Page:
At The Gladstone
It’s enough to make you think twice about even saying “Good morning” to the guy next door.
Detroit, Lisa D’Amour’s dark comedy about present-day life in the first ring of the suburbs, those subdivisions that sprang up in the 1950s and ‘60s but have lost some of their original neighbourly gloss, is the story of a relationship that opens with goodwill but descends into chaos.
In limning the desolation that lurks behind white picket fences, D’Amour makes clear that a similar malaise infects contemporary life itself.
Plosive Productions’ scrappy and frequently very funny mounting of Detroit — it’s directed by Chris Ralph — marks the Canadian debut of D’Amour’s award-winning play. It tracks the story of an emerging tract-home friendship between Mary (Teri Loretto-Valentik) and Ben (David Whiteley) and their new neighbours Sharon (Stephanie Izsak) and Kenny (the especially good David Benedict Brown).
Ben has lost his banking job and wants to hack out a new career in the jungle of Internet-based financial services, while Mary is an unhappy paralegal and closet boozer. Kenny and Sharon are loose canons, both just out of rehab and more than a little suspect.
Read More at OttawaCitizen.com…
Continues until Feb. 1. Tickets: 613-233-4523, thegladstone.ca.
An Engaging, Entertaining, and Thought Provoking Musical
Boston’s SpeakEasy Theatre has a winning production in The Color Purple, the musical adaptation of Alice Walker’s Pulitzer Prize novel. Director Paul Daigneault mounted an energetic, exciting, and even stirring show with a talented cast of singers, dancers, and actors. While the presentation is powerful and follows Walker’s storyline, Marsha Norman’s sanitized and simplified adaptation lacks the depth of the original text.
The play begins in the early twentieth-century South and follows the life of Celie a poor, rural overworked, victimized black woman, understandably lacking all self-confidence and hope. Raped by her stepfather, she has her first child at age 14 and another soon after. He takes the babies from her and only years later does she discover that they are alive and secure. Her mother dead, her babies gone, Celie’s only friend and confidant is Nettie, her pretty, bright younger sister. The stepfather gives the hard-working Celie (along with a cow) to a brutal man she refers to as Mister and who, in turn, abuses her and drives away Nettie with his sexual advances. Alone, with no one to love and no one who loves her, Celie confides in God through letters, the narrative device for the book and, to a degree, the musical. (Continue reading » )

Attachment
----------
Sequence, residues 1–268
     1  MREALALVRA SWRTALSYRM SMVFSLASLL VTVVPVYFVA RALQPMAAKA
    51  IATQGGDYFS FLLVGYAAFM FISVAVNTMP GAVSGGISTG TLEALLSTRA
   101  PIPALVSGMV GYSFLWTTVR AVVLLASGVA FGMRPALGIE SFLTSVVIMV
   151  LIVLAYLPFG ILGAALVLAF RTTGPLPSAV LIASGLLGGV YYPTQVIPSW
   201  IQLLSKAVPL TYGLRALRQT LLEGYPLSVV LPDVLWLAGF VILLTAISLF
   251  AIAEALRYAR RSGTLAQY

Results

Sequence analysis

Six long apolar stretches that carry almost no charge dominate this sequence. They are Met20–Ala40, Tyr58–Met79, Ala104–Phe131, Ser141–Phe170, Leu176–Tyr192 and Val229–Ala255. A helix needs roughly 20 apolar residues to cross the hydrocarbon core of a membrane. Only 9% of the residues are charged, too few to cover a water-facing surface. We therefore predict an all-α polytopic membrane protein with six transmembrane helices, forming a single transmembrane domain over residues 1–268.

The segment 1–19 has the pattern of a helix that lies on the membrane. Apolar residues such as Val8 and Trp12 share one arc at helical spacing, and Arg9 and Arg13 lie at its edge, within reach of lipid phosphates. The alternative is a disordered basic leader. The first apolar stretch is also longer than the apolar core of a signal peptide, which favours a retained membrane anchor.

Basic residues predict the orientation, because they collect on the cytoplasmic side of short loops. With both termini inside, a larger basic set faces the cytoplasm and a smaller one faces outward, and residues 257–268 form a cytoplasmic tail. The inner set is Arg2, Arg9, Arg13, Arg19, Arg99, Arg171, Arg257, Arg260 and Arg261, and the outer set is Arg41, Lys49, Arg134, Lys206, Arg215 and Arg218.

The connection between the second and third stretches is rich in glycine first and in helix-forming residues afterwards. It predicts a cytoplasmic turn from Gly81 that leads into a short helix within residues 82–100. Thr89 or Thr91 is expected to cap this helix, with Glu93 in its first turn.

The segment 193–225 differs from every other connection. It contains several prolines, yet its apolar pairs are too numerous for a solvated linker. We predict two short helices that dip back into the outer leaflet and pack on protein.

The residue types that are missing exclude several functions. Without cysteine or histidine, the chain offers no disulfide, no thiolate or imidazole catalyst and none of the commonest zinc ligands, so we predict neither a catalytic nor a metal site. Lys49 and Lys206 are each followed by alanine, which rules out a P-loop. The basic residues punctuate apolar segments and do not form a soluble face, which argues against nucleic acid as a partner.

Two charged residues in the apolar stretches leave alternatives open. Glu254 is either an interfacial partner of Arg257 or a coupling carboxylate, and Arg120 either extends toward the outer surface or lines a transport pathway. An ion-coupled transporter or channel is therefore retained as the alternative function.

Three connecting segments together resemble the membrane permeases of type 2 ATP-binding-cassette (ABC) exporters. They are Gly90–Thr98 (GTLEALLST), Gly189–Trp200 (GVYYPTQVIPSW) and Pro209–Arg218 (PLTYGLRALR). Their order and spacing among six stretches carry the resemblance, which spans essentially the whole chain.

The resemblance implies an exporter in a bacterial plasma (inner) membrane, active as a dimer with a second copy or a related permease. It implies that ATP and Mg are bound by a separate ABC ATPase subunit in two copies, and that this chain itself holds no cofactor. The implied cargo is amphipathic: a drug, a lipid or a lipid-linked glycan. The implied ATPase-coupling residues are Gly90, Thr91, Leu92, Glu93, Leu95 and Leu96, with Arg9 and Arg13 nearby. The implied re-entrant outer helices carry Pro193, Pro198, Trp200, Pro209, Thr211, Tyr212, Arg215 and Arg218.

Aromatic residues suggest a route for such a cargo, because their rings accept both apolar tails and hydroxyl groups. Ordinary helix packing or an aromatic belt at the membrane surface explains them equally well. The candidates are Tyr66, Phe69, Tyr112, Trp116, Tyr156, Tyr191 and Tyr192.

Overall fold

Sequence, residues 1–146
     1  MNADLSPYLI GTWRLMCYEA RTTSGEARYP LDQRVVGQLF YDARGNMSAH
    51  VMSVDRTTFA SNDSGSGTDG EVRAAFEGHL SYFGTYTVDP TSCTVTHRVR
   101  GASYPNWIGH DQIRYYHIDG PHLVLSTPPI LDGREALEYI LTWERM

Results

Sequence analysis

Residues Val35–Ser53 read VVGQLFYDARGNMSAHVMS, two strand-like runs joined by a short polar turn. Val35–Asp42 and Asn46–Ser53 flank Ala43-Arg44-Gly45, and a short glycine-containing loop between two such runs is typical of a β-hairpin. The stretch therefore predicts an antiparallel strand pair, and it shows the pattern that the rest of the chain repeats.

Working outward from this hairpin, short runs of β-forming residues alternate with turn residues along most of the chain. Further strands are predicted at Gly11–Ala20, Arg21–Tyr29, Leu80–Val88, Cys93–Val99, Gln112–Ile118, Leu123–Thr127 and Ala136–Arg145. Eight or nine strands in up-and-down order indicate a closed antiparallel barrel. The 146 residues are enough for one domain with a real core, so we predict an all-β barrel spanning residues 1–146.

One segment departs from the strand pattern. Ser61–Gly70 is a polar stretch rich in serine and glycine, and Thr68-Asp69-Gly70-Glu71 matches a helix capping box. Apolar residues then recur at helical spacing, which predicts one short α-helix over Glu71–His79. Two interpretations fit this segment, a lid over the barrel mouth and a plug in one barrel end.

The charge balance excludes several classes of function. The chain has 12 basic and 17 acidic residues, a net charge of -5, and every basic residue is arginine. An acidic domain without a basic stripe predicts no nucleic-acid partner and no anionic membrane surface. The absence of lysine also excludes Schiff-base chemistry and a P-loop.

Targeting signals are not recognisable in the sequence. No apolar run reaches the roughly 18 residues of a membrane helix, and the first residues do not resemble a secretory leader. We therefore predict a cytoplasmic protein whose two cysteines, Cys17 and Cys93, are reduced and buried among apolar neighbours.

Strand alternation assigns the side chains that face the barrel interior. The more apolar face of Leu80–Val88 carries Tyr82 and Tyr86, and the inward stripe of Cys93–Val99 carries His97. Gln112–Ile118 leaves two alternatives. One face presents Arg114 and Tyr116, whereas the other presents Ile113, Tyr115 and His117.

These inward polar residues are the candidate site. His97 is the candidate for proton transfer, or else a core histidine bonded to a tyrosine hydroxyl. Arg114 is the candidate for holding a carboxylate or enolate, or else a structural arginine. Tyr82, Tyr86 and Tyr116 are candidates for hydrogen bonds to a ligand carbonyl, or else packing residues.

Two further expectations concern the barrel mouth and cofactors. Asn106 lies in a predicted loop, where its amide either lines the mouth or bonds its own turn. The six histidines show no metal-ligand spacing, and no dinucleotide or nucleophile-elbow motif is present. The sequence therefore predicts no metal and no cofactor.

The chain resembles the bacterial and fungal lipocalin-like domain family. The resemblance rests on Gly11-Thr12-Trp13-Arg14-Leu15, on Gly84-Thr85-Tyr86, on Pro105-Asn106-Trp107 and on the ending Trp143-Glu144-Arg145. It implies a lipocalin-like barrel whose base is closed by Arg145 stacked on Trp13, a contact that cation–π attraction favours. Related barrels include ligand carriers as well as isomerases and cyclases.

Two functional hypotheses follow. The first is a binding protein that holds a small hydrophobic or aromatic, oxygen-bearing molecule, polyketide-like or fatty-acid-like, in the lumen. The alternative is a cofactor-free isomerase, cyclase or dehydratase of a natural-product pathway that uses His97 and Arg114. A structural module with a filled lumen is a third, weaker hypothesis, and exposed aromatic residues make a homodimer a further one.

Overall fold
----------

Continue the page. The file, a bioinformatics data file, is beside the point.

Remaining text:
Photo: Andy Massingham from Yukon News
Dear Alvina and Patrick (and to any you deem to share with);
> As you may or may not be aware,
> I was Artistic Associate with the Ottawa Theatre School for the past three years and was was intimately involved in its creative life. I was in the building or promoting the school on an almost daily basis except when directing or performing elsewhere. With the events of the past week still fresh I felt a strong impulse to give a message from my heart and soul. The views expressed are mine alone and I share them as a passionate theatre lover, creator, artist and life-long believer in dreams and ideas.
What it did…>
> *It introduced me to dozens of young, hopeful artists; many of whom are now working theatre professionals in Ottawa and beyond who are making a huge difference to theatre and thus CULTURE in Canada at a time when it needs it more than ever and deserves to be written about and heard.
(Continue reading » )
Photo: Mark S. Howard. Entire Cast on stage.
Working, now playing at Boston’s Lyric Stage, is an updated version of Stephen Schwartz and Nina Faso’s 1978 musical based on Studs Terkel’s book. Terkel’s 750 page Working: People Talk About What They Do All Day and How They Feel About What They Do, a compilation of interviews with mostly ordinary (read working-class) people, is unabashedly leftist, as is the show.
While remaining faithful in most respects to Terkel’s vision – albeit with fewer characters – Schwartz and Faso (with the help of Gordon Greenberg) inserted several characters and episodes into their new rendition drawn from today’s ongoing economic crisis such as the jobless young who spring from the middle class, cubicle workers, and a hedge fund manager. The original play’s forty characters have been reduced to twenty-five and its numerous actors shrunk to six. At the Lyric Stage, the casting is laudably integrated, reflecting today’s demographics where color and ethnicity are not as limiting as they were thirty-five years ago.
(Continue reading » )
Restes and Pommes frites…emblematic characters of the Cie of Fools.
Presented by Scott Florence, Catriona Leg, Al Connor and Geoff Mcbride confirmed the “Fools” reputation as one of the most unique Shakespearean companies in Canada and the third oldest professional theatre company in Ottawa.
Raff, The Little Prince. latest member of the Company of Fools. Photo. Caroline Phillips.
Catriona Leger now with the Company of Fools.
Entering into its 25th season as a creator of playful parodies of Shakespeare’s plays, the Company seems to be investigating new theatrical techniques to respond to a slight shift in its audiences. The first part of the evening was an illustration of a work in progress process hosted by Scott Florence. The challenge they had given themselves was to show us how they are trying to develop interest in those plays on the part of young people, who, in spite of Shakespeare’s cultural cachet, are turned off by that convoluted language and those characters to whom they cannot relate at all.
(Continue reading » )